Bear & Bull Tattoos Goose Creek SC
North Charleston, SC
Goose Creek, SC
Bear & Bull tattoos
Bear & Bull Tattoos - The bull and the bear, two of the most powerful animal symbols we have, are used to describe trends in the stock market. The market is 'bullish' when prices of equities charge upward over an extended period of time - and 'bear-ish' when prices are in continual decline. Short-lived upward or downward swings are referred to as 'corrections' in the market. The duration of the trend is key.
Over time, individuals who make their livelihood in the stock or financial markets have often been described by their colleagues and peers, as "bulls", or "bears", or "bullish" or "bearish", generally descriptions used to describe someone as a market optimist or a market pessimist.
There is no precise measuring rod to define a bear market, but it is generally accepted that a decline of 20% or more in stock prices in the overall market for a two-month period indicates a bear market. The hyper-alert investor who predicts a continuing decline in market values and then 'sells short', only to find the trend reverse itself, is said to have fallen into the 'bear trap'. He is forced to buy back quickly at the higher price in order to avoid further losses. Typical features of a bear market are high unemployment and a severe lack of confidence on the part of investors, leading, in the worst case scenarios, to a 'recession', or is an absolute worst case scenario, a 'depression'.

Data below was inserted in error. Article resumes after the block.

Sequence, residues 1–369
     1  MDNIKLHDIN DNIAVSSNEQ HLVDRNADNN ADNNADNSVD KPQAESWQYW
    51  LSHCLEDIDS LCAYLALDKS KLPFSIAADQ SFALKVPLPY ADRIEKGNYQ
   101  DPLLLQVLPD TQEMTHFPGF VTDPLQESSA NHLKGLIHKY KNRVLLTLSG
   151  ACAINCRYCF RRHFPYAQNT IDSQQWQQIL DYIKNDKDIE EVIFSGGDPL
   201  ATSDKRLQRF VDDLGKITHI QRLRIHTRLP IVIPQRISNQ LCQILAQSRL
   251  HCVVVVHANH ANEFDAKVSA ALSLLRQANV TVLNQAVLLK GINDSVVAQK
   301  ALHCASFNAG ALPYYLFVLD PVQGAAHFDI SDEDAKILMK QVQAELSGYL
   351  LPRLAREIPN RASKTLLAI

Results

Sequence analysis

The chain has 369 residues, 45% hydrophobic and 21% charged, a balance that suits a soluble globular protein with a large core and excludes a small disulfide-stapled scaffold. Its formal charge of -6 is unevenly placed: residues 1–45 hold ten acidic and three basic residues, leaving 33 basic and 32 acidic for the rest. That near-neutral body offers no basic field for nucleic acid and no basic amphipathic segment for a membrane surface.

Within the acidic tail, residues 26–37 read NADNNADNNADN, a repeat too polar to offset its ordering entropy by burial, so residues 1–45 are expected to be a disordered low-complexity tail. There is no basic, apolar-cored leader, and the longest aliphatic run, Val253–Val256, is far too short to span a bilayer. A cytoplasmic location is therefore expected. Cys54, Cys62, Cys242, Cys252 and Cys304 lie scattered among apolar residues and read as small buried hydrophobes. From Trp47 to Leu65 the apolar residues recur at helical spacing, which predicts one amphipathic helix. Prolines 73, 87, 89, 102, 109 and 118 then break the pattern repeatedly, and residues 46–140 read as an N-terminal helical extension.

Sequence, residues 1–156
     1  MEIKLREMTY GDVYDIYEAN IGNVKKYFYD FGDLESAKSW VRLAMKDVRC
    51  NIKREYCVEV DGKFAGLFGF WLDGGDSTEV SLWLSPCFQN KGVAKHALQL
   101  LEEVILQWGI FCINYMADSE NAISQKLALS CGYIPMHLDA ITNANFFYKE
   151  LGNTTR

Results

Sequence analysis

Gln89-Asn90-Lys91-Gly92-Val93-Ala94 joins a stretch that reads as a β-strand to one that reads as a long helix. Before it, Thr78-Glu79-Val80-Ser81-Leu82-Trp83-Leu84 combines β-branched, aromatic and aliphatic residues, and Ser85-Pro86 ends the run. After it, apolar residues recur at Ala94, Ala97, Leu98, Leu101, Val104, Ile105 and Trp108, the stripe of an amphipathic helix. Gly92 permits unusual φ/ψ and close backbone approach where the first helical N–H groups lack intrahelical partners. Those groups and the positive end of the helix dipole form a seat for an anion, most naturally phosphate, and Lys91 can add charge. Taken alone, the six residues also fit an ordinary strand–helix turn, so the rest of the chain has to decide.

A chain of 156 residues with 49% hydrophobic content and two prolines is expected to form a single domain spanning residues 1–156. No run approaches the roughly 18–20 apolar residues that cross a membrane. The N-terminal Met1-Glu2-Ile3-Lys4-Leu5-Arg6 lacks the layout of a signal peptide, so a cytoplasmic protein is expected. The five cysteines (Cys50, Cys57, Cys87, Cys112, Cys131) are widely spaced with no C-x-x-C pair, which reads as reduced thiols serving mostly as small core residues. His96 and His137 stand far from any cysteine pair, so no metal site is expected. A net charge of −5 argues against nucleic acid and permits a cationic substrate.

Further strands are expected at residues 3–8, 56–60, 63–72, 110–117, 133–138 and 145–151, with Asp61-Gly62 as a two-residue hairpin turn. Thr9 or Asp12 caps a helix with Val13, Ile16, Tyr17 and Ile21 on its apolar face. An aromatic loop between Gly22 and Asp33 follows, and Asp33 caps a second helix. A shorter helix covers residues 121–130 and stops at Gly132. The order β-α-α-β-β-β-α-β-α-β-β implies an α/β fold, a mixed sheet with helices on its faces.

Likewise, 'bull' suggests an upward swing that gains roughly 20% over a period of months, sometimes years. The longest bull market in financial history started in the early 1990s. In the latter half of the decade record gains were made until they peaked in 2000.
'Bull' and 'bear' - how did they become associated with the stock market and Wall Street?
Sports that involve 'animal baiting' have shown the bull and the bear to display opposite behaviors. The bull charges readily, lifting its horns upwards upon impact, while the bear is cautious, often balking. The English, however, have some more folksy explanations - in 1709, a nobleman bought a bear without first examining the goods, and the deal went south. 'Selling a bear' came to mean negotiating a price for something that doesn't exist. In the same era, a popular comic play contained the line, "Instead of changing honest staple for Gold or Silver, you deal in Bulls and Bears." Yet another historical reference comes from the practice of selling bear skins before the bear was actually caught.
The wisest investor of all remembers that the bull and the bear aren't the only animals loose on Wall Street - the most notorious of all is the 'pig'. Millions of them have been sent to the slaughtering house in the latter half of 2008. As the saying goes, "Bulls make money, and bears make money, but pigs get slaughtered." Many people who have lost money in the financial markets, whether it was a bull market or a bear market, wil...